A team of archaeologists from eight countries—Algeria, Croatia, Egypt, France, Italy, Morocco, Spain, and Tunisia bordering the Mediterranean Sea has come together to scrutinize shipwrecks sitting at the bottom of the water body sitting between them. The researchers, coordinated by UNESCO, found three new shipwrecks.
In the largest and most ambitious international mission ever conducted, experts mapped an area of seabed 10km square in an effort to study and protect their shared underwater cultural heritage.
The remains of six shipwrecks from antiquity to the 20th century were documented using two robots and multibeam sonar. Three of the shipwrecks were previously unknown.
One wreck dates to between 100 BCE and 200 CE and two date from around the turn of the 20th century. The researchers presented their findings today in a press conference at UNESCO headquarters in Paris.
Archaeologists specifically investigated the continental shelves off Tunisia and Sicily, as part of distinct projects led by Tunisia and Italy, respectively.
The newly discovered shipwrecks sit near Keith Reef, a particularly treacherous region of the Skerki Bank. Keith Reef makes it challenging for ships, both ancient and modern, to navigate at certain points where it almost touches the Mediterranean’s surface. The new research clearly shows that some ships were a failure.
The shallow reef is situated in one of the busiest maritime routes in the Mediterranean, which has been used for millennia. It’s no surprise that ships have sunk there, or that looters have found it to be a lucrative hunting ground.
“When we found the new ships it was a [feeling] of relief because of all the effort we have all put in and that there are still things to learn from such a heavily looted area and that there is still something to protect,” Alison Faynot, an archaeologist with UNESCO, told The National.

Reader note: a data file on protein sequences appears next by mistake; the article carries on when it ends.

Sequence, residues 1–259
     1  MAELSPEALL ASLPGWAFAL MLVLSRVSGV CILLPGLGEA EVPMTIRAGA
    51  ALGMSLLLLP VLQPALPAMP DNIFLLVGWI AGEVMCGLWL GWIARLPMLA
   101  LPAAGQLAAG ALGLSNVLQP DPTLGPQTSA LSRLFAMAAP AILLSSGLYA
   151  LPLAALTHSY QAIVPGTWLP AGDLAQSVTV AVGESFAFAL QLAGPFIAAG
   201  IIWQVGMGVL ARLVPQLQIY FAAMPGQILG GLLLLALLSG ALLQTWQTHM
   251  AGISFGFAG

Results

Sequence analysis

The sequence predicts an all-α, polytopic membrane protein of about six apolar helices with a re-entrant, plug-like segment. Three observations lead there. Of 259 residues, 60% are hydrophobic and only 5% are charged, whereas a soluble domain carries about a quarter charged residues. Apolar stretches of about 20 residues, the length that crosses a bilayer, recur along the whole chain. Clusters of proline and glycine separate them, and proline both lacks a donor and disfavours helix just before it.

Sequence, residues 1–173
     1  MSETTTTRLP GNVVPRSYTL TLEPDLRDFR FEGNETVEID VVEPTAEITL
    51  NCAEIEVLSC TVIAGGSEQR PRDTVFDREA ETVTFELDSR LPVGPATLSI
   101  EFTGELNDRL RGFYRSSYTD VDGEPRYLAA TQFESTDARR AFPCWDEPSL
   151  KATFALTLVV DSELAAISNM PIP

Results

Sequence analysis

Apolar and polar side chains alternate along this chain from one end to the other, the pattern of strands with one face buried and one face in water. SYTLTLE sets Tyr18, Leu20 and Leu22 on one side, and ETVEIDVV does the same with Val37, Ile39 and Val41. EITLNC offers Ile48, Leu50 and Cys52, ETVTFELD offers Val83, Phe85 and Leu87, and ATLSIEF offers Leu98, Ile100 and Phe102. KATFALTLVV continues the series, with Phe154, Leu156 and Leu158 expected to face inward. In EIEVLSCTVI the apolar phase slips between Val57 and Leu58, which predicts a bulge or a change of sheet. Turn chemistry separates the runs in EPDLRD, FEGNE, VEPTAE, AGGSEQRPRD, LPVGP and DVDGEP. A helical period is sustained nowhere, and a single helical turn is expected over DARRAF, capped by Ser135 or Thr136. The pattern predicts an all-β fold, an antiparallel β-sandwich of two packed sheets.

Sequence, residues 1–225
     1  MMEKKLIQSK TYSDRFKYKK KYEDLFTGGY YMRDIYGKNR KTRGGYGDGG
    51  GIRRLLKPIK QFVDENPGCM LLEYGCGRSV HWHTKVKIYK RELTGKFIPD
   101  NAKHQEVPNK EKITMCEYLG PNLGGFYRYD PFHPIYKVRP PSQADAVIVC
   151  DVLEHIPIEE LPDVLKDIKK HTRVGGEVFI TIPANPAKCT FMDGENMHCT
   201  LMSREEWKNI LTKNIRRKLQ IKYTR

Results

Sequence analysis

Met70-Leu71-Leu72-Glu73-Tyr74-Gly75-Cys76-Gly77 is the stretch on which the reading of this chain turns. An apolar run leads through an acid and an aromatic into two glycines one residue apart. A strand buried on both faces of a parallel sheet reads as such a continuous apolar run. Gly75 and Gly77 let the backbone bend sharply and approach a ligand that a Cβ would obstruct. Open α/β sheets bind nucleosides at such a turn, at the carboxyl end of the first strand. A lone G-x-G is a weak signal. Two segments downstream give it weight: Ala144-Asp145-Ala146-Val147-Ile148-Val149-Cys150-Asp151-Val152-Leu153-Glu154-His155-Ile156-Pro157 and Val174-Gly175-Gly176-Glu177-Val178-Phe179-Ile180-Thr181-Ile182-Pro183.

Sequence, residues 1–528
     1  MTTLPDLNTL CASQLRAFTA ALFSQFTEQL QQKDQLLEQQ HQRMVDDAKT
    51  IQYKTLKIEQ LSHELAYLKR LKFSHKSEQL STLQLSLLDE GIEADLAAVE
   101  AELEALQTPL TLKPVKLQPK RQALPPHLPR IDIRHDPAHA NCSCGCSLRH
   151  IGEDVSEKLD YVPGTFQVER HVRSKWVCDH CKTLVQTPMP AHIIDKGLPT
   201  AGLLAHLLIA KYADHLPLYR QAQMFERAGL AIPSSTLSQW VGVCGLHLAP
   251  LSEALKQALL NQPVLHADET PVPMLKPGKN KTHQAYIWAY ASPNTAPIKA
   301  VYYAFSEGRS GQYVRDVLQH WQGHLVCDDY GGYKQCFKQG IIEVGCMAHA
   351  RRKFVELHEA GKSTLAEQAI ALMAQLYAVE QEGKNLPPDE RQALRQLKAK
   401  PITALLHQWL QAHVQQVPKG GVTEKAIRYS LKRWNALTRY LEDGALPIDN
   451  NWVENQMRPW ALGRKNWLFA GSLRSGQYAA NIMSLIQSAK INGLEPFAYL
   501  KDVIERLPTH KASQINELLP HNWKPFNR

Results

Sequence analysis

“Underwater heritage is very important. You think it is extremely protected and unreachable and yet it is quite fragile, and just a change in the environment or seabed can have a very dangerous impact on it.”
The investigation of Sicily followed the work of marine archaeologists Anna McCann and Robert Ballard, who between 1998 and 2000 discovered eight stranded wrecks on the Italian continental shelf.
Three Roman wrecks discovered on the Italian continental shelf during the Ballard-McCann expeditions from the 1980s to the 2000s were also documented in high-resolution images by Arthur, a robot weighing less than 80kg and capable of going 2,500 meters deep.
The mission’s goal was to delineate the precise zone in which many shipwrecks lie and to document as many artifacts as possible because such underwater heritage is vulnerable to exploitation, trawling and fishing, trafficking, and the effects of climate change.
“The mission was possible due to France giving us access to its ship and robots which can go really deep. The technology available made it possible for us to do this work,” Ms Faynot said.
The two robots took more than 20,000 images and recorded 400 hours of video.
The research vessel the Alfred Merlin, equipped with high-tech underwater imaging and mapping equipment, from which an international team discovered three new shipwrecks on the Skerki Bank. Photo: M Pradinaud